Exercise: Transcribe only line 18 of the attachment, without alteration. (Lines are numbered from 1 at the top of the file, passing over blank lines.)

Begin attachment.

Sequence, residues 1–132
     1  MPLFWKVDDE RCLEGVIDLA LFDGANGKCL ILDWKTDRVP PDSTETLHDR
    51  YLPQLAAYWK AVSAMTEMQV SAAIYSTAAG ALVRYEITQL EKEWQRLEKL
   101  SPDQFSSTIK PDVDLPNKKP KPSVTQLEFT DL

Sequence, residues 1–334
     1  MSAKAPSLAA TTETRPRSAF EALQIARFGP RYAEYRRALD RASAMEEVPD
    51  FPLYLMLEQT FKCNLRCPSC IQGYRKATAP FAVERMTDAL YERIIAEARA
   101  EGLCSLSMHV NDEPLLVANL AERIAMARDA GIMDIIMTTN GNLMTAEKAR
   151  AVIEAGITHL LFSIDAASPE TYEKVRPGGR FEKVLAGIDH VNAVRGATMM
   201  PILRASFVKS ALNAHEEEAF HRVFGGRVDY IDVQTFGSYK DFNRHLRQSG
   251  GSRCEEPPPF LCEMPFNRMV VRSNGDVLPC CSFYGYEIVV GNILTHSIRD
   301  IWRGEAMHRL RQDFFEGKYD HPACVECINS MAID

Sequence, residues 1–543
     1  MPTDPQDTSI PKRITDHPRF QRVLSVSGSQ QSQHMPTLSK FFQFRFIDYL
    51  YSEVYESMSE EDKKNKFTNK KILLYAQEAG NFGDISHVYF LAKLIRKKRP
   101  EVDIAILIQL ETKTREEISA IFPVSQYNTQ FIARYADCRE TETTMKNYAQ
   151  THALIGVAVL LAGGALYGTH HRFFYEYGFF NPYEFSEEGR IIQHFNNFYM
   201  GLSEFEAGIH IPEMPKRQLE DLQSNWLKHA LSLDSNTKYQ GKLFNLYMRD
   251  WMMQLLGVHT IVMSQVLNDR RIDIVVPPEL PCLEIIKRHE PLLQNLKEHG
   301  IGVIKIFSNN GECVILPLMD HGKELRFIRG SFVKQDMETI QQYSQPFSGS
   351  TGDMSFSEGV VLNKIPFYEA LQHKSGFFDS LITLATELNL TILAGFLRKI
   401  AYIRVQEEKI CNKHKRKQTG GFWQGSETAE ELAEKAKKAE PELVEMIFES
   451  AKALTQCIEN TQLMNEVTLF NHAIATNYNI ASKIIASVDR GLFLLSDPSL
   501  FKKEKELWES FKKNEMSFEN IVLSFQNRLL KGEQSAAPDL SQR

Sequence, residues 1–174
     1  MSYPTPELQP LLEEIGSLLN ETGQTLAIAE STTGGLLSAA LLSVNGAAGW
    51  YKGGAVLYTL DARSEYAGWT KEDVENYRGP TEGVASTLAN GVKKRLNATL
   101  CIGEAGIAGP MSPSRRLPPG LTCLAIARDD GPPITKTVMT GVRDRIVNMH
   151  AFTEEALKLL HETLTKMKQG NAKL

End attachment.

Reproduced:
   201  GLSEFEAGIH IPEMPKRQLE DLQSNWLKHA LSLDSNTKYQ GKLFNLYMRD